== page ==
Prosecutors on Monday demanded the death penalty for the captain of the South Korean ferry that sank in April, branding him an unrepentant liar who abandoned the more than 300 people who died in the disaster.
They also sought life sentences for three senior crew members and prison terms of between 15-30 years for 11 others as the trial of Captain Lee Joon-Seok and his crew wound up in the southern city of Gwangju.
The 69-year-old Lee “escaped the ship without making any efforts to rescue passengers”, the prosecution team said in its sentencing recommendation to the court.
“He made excuses and lied. He showed no repentance… and so we ask for the death sentence,” the prosecution said.
The 6,825-tonne Sewol ferry was carrying 476 people — most of them high school students on an organised trip — when it sank off the southern coast on April 16. Only 174 people were rescued.
The disaster was blamed on a deadly combination of cargo overloading, illegal redesign and poor helmsmanship, but the most serious charges against Lee and his crew related to their response once the ship ran into trouble.
They were among the first to climb into rescue boats and were publicly vilified for abandoning the hundreds of passengers still trapped inside.
Crew members were further condemned when it emerged they had instructed the passengers to remain where they were as the vessel began to list dangerously — a decision which the prosecution said contributed to the heavy loss of life.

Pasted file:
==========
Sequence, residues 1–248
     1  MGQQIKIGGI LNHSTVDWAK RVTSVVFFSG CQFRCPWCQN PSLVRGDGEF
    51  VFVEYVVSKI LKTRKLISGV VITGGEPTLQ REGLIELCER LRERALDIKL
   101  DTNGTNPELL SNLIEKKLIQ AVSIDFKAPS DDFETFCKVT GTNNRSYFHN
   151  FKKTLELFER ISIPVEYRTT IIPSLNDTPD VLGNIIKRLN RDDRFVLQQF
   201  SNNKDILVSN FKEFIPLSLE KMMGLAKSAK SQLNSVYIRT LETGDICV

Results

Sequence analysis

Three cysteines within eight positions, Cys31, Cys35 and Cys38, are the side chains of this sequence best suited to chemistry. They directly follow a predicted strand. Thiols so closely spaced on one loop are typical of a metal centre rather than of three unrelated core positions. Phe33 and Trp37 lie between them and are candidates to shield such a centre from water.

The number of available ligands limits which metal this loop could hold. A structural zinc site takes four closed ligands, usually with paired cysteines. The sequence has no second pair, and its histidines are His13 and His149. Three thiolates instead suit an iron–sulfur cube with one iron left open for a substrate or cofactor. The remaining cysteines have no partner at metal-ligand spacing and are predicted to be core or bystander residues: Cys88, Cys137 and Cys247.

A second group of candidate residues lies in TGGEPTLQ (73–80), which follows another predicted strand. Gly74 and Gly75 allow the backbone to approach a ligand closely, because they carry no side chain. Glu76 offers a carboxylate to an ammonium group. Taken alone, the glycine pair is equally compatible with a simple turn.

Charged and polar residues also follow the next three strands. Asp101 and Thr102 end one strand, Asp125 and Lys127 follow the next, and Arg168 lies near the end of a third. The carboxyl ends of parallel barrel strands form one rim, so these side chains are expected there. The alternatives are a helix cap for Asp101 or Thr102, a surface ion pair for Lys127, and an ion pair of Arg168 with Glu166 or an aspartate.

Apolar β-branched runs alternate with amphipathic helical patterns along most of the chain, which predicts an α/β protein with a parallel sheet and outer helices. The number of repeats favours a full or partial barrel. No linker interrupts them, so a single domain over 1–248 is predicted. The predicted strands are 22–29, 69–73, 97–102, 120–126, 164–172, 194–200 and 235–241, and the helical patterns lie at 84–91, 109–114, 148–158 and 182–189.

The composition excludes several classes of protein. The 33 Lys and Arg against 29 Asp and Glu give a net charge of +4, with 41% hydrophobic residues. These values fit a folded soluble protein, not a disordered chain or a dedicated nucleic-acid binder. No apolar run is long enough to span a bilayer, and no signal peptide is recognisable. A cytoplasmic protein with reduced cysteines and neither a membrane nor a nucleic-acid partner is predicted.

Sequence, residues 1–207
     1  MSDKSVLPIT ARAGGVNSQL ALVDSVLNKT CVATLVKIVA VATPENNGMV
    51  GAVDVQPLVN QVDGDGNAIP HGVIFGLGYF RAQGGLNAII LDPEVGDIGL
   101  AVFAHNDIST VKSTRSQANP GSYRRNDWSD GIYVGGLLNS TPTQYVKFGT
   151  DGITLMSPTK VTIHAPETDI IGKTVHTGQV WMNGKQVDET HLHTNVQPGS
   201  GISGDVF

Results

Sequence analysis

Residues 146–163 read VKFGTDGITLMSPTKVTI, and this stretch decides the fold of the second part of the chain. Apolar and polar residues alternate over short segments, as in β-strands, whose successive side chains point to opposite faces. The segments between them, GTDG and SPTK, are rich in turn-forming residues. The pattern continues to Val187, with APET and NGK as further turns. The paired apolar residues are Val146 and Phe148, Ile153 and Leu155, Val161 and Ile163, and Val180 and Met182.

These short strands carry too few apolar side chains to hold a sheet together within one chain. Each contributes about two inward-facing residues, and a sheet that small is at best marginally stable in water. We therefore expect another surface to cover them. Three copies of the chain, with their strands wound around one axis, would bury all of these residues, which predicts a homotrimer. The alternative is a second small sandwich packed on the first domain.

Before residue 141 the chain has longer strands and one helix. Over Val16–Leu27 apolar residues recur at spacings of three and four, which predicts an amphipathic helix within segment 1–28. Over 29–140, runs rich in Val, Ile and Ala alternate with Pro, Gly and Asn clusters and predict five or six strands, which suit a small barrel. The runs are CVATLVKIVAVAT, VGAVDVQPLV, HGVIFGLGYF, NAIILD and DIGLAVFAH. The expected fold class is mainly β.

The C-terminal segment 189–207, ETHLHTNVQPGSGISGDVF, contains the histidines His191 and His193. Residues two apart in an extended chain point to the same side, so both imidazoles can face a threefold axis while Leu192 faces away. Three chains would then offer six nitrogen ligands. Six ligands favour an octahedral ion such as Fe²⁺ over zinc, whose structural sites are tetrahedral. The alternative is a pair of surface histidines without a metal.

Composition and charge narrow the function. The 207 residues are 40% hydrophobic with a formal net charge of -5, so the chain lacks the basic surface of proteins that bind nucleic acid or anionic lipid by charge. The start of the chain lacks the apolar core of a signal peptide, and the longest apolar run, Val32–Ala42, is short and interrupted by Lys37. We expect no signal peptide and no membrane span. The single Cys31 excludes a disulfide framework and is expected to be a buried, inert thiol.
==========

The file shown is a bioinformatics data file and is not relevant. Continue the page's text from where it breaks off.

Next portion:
Lee and the three senior crew had all faced the capital charge of “homicide through wilful negligence”. But the prosecution said only the captain should receive the death penalty, as the burden of responsibility lay with him.
The court is expected to deliver its verdict and sentence in early November.
Although the death penalty is still passed in South Korea, nobody has been executed since 1997. Currently, there are some 60 people on death row.
Lee has insisted that the ferry owners are the real culprits as it was their decision to consistently overload the vessel and commission an illegal redesign.
The disaster stunned South Korea and unleashed an enduring wave of public anger that had fuelled some concerns over whether the captain and crew could receive a fair trial.
South Korean media coverage of their arrest and arraignment was often coloured by a presumption of guilt, and just weeks after the disaster President Park Geun-Hye stated that the crew’s actions had been “tantamount to murder”.
The defendants had difficulty in securing private legal representation, with few lawyers willing to take on the defence in such an emotive case.